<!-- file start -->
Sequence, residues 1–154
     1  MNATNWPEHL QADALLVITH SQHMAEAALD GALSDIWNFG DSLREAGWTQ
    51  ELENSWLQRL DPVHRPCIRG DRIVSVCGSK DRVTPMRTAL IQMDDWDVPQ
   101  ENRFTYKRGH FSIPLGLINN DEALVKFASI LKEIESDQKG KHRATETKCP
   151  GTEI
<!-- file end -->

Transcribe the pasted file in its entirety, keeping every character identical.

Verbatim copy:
Sequence, residues 1–154
     1  MNATNWPEHL QADALLVITH SQHMAEAALD GALSDIWNFG DSLREAGWTQ
    51  ELENSWLQRL DPVHRPCIRG DRIVSVCGSK DRVTPMRTAL IQMDDWDVPQ
   101  ENRFTYKRGH FSIPLGLINN DEALVKFASI LKEIESDQKG KHRATETKCP
   151  GTEI